The executive order is a big blow to science and health in the United States. It restricts what science can be considered when regulating air quality and directs the EPA to heed warnings from interests outside of the scientific and public health realms. That means taking into account things like how much it would cost to implement air quality regulations — something the Supreme Court decided was illegal in 2001 (so keep an eye out for Trump’s order to be challenged in court).

There a lot of reasons why scientists, lawmakers, and advocates are crying foul. But it all boils down to this: We’re going to be breathing worse air because of it. And fence-line communities of color are going to be hardest hit. Not only because they already breathe the worst air in the United States, but because Trump’s executive order lets states trade pollution permits — which tends to allow polluters to stack their chips in the places that are already suffering the most.

This story was originally published by Grist with the headline Trump’s new executive order spells disaster for our air quality. on Apr 13, 2018.

These 5 artists are sketching out the future of climate action.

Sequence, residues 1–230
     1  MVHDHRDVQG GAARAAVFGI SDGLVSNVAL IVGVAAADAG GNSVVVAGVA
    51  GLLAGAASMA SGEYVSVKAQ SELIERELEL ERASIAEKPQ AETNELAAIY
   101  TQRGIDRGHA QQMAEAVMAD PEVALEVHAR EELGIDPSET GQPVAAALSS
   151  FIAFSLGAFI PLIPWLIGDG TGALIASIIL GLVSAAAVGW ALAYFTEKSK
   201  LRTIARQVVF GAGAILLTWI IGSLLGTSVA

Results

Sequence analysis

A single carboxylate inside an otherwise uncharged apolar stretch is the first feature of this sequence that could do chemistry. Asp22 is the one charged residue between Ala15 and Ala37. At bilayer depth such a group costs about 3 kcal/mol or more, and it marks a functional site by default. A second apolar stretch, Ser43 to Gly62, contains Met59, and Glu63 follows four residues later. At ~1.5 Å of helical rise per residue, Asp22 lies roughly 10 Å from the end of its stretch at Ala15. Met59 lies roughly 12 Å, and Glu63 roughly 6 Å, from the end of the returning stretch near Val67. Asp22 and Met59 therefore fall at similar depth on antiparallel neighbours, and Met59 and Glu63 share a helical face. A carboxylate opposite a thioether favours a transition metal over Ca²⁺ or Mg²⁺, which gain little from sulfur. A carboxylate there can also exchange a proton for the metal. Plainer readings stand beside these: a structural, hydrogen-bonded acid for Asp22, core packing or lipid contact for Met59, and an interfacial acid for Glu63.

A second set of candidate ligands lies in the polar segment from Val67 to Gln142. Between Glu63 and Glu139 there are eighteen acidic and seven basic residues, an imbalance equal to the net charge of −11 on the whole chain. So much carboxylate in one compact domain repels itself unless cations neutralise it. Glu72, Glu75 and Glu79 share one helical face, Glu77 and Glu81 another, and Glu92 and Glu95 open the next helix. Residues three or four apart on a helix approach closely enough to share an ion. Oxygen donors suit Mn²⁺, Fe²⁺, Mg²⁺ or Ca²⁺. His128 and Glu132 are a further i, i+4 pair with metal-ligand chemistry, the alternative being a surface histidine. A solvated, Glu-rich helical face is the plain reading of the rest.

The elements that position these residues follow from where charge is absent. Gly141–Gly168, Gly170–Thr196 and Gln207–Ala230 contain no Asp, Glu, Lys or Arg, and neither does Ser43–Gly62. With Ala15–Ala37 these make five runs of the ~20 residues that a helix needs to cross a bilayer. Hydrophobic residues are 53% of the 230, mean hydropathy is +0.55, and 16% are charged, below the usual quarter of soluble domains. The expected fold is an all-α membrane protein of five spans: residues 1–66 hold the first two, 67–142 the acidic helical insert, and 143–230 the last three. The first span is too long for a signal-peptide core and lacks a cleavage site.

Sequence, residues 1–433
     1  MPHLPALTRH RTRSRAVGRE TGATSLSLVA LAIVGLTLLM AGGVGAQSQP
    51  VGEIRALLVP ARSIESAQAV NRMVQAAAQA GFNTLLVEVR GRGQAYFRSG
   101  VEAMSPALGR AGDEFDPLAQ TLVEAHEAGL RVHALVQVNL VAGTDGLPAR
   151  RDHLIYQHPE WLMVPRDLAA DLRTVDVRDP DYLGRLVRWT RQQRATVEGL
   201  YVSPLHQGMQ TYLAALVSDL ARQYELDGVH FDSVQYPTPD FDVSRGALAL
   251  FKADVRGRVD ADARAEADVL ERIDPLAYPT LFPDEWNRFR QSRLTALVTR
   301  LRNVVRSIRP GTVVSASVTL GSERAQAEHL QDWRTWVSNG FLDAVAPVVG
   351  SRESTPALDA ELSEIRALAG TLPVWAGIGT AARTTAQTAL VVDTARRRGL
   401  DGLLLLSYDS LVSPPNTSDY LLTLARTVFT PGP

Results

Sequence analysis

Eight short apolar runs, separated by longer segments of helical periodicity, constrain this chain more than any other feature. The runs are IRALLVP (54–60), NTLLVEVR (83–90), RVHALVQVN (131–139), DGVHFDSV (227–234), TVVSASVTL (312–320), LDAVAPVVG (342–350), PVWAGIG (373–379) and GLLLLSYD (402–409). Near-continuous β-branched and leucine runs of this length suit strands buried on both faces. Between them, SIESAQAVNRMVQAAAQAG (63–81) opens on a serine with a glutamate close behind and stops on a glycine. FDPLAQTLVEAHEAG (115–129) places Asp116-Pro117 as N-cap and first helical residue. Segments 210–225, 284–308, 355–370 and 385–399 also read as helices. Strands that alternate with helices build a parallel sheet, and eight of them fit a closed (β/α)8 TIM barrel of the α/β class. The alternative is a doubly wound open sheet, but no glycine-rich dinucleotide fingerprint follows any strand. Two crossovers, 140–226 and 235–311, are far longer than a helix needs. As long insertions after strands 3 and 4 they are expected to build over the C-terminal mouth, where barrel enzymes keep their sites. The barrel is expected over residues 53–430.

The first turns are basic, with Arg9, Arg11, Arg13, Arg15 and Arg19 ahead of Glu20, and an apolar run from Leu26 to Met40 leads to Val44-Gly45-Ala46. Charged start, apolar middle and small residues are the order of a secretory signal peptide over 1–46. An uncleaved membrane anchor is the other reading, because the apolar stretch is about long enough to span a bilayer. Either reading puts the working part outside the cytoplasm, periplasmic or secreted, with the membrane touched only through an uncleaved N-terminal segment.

Fri, 2018-04-13 15:45

According to an article in Yale Climate Communications, art can help us “see what can be difficult to see” — something that’s particularly important for climate change, which often affects us in invisible ways.

We interviewed some of the artists provoking thoughtful environmental action for the Grist 50 2018, our list of rising stars drawing up solutions to humanity’s biggest challenges.

  • Favianna Rodriguez creates visual art that makes connections between racial, gender, and environmental justice. You’ll recognize her work from the People’s Climate March and immigrant rights rallies.
  • Imani Jacqueline Brown organized the Fossil Free Fest, an event this spring that used art to bring communities together to envision a fossil-free New Orleans.
  • Antonique Smith, a singer and actress, starred as Mimi in the Broadway show Rent — and she’s dedicating way more than five-hundred twenty-five thousand, six-hundred minutes to climate change action.
  • Putting Big Oil in the spotlight? Tanya Kalmanovitch is up to the task. She wrote a play about her experience growing up next to the biggest bitumen oil reservoir in the world.
  • If you think there’s nothing funny about climate change, think again. Comedian Josh Healy is providing some much-needed comic relief — and inspiring others to take action.

Looking for more creatives? We’ve got ’em.

This story was originally published by Grist with the headline These 5 artists are sketching out the future of climate action. on Apr 13, 2018.